A Visual Guide to Chinese Air Pollution

In the People's Republic, getting to "blue skies" means taking lots of pictures

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China Air Daily

Every day, China Air Daily features new photos and satellite pictures of select cities in the U.S. and China. Over time, the photos serve as a record of the improvement (or deterioration) of air quality in various cities. China Air Daily, which is accessible via Internet in mainland China, comes in the wake of a grassroots push for more transparency in air quality monitoring. (The Atlantic's James Fallows has written on China Air Daily here.) In this Q&A, founder Michael Zhao explains the state of Chinese environmental awareness.

How did Air China Daily start?

We started an earlier project called Beijing Air [...] before the 2008 Olympics in Beijing. A friend of mine was taking photos every day, so we started uploading them online in March 2007. [...] We decided [...] to start with four Chinese cities: Shanghai, Beijing, Guangzhou and Hong Kong.

You also include several U.S. cities -- what was the reason for that?

The reason I included U.S. cities is because people who have not gone overseas can't really see what a blue sky is. And when they can click through all the days in New York and Chicago, they can see that skies can be really blue and for a long time. That's an interesting comparison.

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What got you interested in air pollution?

I can tell you two reasons. One is that nine or 10 years ago, air pollution wasn't as bad as now. That's a fact. I don't have pictures from nine years ago, but I have pictures from five years ago and I can still show the difference. And I can tell air pollution has really gotten worse in Beijing over the last two years.

Secondly, I did not have a reference point. I went to other countries for short visits but it doesn't really register in your mind when you stay there for a few days and then move onto the next city for business. You come back to China and the air is bad, but after a while you forget.

But I think living in the U.S. for a long time, especially the Bay Area where you just have the most pristine air in the world -- that really registers the difference for you. If you have the opportunity to go back and forth, it doesn't take long to say, holy crap, what did I breathe for nine years?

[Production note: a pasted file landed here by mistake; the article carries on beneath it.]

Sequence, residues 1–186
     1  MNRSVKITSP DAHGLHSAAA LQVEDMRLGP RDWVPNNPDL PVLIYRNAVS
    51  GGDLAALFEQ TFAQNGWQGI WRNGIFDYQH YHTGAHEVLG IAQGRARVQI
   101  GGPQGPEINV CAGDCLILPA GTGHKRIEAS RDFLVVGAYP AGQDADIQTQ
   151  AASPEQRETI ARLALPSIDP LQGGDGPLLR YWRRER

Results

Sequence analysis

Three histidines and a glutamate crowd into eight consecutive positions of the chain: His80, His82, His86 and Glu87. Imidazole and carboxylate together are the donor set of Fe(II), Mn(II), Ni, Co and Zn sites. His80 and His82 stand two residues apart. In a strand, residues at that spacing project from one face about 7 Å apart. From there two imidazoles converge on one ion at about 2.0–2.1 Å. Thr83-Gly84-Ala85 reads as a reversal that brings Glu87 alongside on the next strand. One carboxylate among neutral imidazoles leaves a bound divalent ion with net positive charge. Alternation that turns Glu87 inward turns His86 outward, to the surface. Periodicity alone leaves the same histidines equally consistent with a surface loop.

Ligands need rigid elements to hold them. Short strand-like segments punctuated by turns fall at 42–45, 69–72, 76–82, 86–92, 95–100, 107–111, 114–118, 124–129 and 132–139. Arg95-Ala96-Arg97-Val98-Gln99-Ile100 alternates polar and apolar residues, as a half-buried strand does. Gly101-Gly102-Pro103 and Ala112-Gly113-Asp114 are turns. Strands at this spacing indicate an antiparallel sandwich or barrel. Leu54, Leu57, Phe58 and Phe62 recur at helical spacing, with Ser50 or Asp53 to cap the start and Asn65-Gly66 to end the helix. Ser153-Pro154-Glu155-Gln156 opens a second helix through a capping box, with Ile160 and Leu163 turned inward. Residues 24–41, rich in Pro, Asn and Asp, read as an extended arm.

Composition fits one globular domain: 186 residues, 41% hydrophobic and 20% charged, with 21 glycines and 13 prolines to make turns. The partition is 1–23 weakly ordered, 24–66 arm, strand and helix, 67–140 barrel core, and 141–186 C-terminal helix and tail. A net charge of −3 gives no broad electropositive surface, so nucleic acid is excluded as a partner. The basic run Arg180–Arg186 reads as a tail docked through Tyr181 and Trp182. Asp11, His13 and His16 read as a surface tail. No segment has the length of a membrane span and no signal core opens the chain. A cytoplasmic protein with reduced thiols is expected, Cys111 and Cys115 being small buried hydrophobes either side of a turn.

What about the rest of China? Why do you think there's been this real grassroots movement in the past year to monitor air quality?

There was a particular worsening trend over the last couple years. I can see with my eyes how much worse it's gotten. Right now I'm looking at a link that I collected of a few photos from March last year, 2011, and I can tell you it's a lot of blue-sky days, real blue-sky days. Now over the last 10 months, I can count the number with my hands. It's that serious.

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With the emergence of Weibo and other Internet tools it just makes it a whole lot easier to share with friends this information. That's the outside factor that helps foster this movement, but also I think people are more and more concerned about health.

Also, the U.S. embassy has started to publish its own data. People have seen that U.S. measurements are sometimes much higher than the Chinese government's. That made people more critical or suspicious of Chinese government data.

Are Chinese people aware of what PM [particulate matter] is? In the United States for example, there was backlash against regulation of PM just last summer. It was spun as the regulation of "dust" -- can Chinese make the link between PM and public health?

Chinese people have heard the terms a lot from radio and Weibo but there is still a lot of awareness-building to do. They won't know, for example, that PM-2.5 is smaller than PM-10 and is more hazardous to your health. I think there's still some way to go.

We've reported on some of the recent controversies around air pollution regarding discrepancies between the number of blue-sky days reported by the government, and the number that people see. What are your thoughts about these discrepancies?

Well I think in general the Chinese government has been very hostile to the non-governmental publishing of [...] data of any sort, not just air pollution but other things as well. When the American consulate in Shanghai published their own version of data, Chinese foreign ministers got really flustered or mad and said, "Okay you guys cannot publish your own data, that's illegal."